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A Black woman who broke racial barriers at Elon University was honored by the North Carolina-based institution on Thursday. Glenda Phillips Hightower—the first Black student to be accepted into the school—received an honorary doctorate degree, the Times-News reported.

Hightower enrolled 56 years ago during the Jim Crow era. J. Earl Danieley—who served as the university’s president at the time—gave her a full scholarship. Although Hightower was a full-time student she wasn’t allowed to dorm on campus due to her race. While trying to pursue her degree she often faced discrimination from students and faculty. Hightower persevered because she knew that her journey at the school was something bigger than herself and that her presence on campus mattered. She was leading the way for generations of Black students coming behind her and she truly valued education.

During her sophomore year, she had to withdraw from the school due to health-related issues. She ended up relocating to Washington, D.C. and took courses at Howard University, George Washington University and Georgetown. A few years later she moved to Iowa and earned a nursing and general science degree from the University of Iowa in 1974.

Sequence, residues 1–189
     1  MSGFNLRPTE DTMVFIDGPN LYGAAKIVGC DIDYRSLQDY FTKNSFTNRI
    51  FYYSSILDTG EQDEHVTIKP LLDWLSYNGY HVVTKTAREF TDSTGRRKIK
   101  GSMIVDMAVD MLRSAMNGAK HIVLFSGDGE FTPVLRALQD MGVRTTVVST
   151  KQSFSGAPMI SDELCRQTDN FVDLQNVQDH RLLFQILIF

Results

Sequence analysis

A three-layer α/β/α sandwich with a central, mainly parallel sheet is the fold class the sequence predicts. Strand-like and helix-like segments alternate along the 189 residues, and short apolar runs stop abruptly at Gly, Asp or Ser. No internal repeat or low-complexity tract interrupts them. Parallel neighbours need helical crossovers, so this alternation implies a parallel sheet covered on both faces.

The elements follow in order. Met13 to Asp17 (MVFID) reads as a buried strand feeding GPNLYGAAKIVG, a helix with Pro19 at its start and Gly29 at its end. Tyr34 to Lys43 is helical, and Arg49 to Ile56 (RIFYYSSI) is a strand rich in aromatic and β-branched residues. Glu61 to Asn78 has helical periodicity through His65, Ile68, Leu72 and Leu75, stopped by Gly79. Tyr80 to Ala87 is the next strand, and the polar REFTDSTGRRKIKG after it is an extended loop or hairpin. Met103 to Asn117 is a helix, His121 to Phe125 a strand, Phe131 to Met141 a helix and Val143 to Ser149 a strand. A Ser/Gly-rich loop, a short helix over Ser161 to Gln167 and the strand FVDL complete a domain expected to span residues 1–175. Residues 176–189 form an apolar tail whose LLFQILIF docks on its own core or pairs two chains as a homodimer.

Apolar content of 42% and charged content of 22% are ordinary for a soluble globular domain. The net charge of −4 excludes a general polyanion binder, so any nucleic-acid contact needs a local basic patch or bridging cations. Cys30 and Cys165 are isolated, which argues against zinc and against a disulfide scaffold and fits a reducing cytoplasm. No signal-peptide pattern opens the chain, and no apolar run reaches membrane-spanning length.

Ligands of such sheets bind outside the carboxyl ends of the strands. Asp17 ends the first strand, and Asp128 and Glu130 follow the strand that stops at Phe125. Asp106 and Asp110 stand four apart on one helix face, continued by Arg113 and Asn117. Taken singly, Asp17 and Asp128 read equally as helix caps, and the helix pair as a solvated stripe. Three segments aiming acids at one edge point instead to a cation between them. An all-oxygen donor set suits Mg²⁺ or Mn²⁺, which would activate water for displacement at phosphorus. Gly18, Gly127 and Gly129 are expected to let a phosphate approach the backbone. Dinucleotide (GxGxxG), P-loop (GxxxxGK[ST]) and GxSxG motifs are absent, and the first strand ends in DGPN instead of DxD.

Although she didn’t complete her degree at Elon, the school wanted to honor Hightower for her commitment to changing the racial landscape and opening up doors for other Black students. “Throughout her life, Glenda Phillips Hightower has persevered and chosen the path of love and sacrifice over bitterness,” L’Tanya Richmond, who serves as the school’s Director of Minority Affairs, said in a statement. “In the process, she has changed Elon and paved the way for thousands of Black students, faculty and staff to follow in her footsteps.” Hightower was humbled by the honor. ″‘Thank you’ is woefully inadequate to express to you my gratitude, my humility, my honor and my great satisfaction at being included in a celebration of education and grandness. I didn’t recognize it as leadership at the time, but I certainly am glad that it’s interpreted as leadership.”

Universities across the country are honoring former Black graduates who trailblazed paths for students of color. In 2018, Brown University announced that it would rename one of its buildings after the first Black students to graduate from the institution.

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